Letter-writing was at that time already a bit of a lost art, supplanted by email, but people like L’Engle rarely had public email addresses. The effort it took to find L’Engle’s mailing address, write two double sided sheets of paper in my best handwriting, stamp it, place it in the mail, and then await a response—I can’t imagine doing that now. The fact that I went to so much effort is as revealing to me now as the contents of the letter itself. I’m more cautious of exposing my vulnerabilities these days.

“I’ve read so much about your family that I’ve come to love them almost as if they were mine,” I remember writing. It was the sort of naive, overly-sincere declaration that many a devotee has made to the object of their infatuation. I would have heaped blistering scorn on a similar sentiment directed by a girl my age to, say, Leonardo Dicaprio or James Van Der Beek, but I was sure that my desire to form a connection with Madeleine L’Engle was born of something loftier and purer.

I didn’t realize yet that my desire to cast strangers in the roles so inadequately filled by my parents stemmed from a hunger that was far more raw and unrefined than the wistfulness that fueled my classmates’ romantic fantasies of real life meet-cutes with hot actors. For one thing, my classmates probably outgrew those fantasies, whereas I’ve never quite shaken the desire to be parented by kindly strangers.

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Madeleine L’Engle wrote back to me in February of 1999. I had hoped for a reply, but I hadn’t really expected one. I was so eager to open the letter when I got it that I tore the envelope to shreds. Her handwritten reply was short, scribbled across the back of what appeared to be a kind of family newsletter, containing updates about the births of children, health concerns, and other minutiae that meant little to me. I was glad to get it anyway; I suppose it was L’Engle’s way of making me feel a bit included in the family I had expressed such ardent affection for.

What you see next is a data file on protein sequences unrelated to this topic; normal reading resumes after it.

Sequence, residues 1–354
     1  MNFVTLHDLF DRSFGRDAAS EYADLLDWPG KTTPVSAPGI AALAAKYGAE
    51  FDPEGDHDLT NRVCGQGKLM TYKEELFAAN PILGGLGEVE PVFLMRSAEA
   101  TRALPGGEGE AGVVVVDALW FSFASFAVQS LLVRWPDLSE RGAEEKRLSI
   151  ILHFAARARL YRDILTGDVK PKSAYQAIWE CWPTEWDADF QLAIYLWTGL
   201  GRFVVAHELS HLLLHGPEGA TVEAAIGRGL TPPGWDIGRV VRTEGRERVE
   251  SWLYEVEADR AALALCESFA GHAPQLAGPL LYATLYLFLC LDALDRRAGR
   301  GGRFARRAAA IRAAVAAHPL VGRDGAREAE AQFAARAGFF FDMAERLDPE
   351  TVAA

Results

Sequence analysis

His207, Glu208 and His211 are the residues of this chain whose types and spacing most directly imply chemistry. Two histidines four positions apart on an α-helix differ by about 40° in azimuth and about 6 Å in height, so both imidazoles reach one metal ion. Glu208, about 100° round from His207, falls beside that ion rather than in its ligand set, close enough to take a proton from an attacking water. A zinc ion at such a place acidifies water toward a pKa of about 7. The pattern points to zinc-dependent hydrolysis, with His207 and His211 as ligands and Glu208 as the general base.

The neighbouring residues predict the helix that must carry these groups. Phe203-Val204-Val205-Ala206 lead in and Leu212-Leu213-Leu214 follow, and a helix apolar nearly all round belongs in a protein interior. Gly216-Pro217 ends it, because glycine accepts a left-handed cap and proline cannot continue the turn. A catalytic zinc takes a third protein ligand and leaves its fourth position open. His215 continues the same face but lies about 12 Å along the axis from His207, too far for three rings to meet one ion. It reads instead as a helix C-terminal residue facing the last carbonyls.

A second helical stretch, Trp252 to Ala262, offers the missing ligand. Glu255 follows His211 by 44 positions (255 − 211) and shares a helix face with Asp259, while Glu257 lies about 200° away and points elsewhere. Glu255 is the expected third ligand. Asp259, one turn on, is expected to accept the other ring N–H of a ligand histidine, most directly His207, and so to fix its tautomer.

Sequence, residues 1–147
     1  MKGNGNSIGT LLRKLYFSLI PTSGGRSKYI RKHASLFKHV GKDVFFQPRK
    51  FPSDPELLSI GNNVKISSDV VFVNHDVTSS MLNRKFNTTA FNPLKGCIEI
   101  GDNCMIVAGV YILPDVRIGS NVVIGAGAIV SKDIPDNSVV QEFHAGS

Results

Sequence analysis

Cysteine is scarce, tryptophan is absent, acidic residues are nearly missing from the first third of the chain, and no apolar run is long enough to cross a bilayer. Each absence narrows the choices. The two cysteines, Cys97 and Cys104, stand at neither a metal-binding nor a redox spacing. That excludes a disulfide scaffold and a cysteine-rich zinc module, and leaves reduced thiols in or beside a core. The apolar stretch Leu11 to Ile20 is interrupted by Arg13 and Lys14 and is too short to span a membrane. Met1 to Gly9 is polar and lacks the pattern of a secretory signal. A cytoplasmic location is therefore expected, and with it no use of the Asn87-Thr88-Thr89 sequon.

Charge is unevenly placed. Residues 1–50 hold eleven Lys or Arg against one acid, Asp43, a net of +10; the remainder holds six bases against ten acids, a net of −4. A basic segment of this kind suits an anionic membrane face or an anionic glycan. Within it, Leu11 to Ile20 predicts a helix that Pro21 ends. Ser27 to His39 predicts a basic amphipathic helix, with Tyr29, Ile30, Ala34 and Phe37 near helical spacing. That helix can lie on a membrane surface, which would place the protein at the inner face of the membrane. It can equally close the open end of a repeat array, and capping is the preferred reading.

In my letter, I had written about the challenges of reconciling faith with intellect—I was still a devoted, if questioning, born-again Christian at that age, and I derived a lot of comfort from L’Engle’s famous statement, “I don’t have to take the Bible literally to take it seriously.” She suggested that I might like to read her book Walking On Water, one of the few writings by her I hadn’t been able to get hold of yet. When I finally did find a copy, in a tiny bookstore in Asheville about a year later, I felt every soothing reflection and observation on spiritual life as if it were advice she had passed directly to me.

After high school, I thought less about Madeleine L’Engle as I acquired flesh-and-blood mentors who could offer me more than one-sided guidance from between the covers of a book. In 2003, one of those mentors passed along an issue of the New Yorker which contained a profile of L’Engle based on interviews with her family—people whose names I knew from L’Engle’s personal essays, names as familiar to me as that of Vicky Austin, the main character of A Ring of Endless Light. I read this profile with a sense of growing dismay and disappointment that, in retrospect, reveals how much of a child I still was, even at the advanced age of 21.

I didn’t want to know that L’Engle’s daughters considered her essays about their family to be “pure fiction” and “a lovely fairy tale.” I didn’t want to know that her husband was unfaithful, or that her son, the model for Charles Wallace in A Wrinkle In Time, had died of the effects of alcoholism. Yet I couldn’t not read; I still craved that insider information about the life of the woman I had idealized as part of the complicated survival mechanism that enabled me to make it through adolescence.

By the time I heard the news of L’Engle’s death in 2007, I had grown up a little more, enough to have lost any sense of personal betrayal. After all, she was a writer; her job was to make stories, and all good stories are true in their own way. Memoirs are journals of self-perception, not courtroom depositions. And it wouldn’t have helped me a bit, at 16 and 17, to know that L’Engle’s truth was uglier than her fiction. I knew all I needed to know about ugliness already. Beauty and love, on the other hand, had much to teach me, then as now.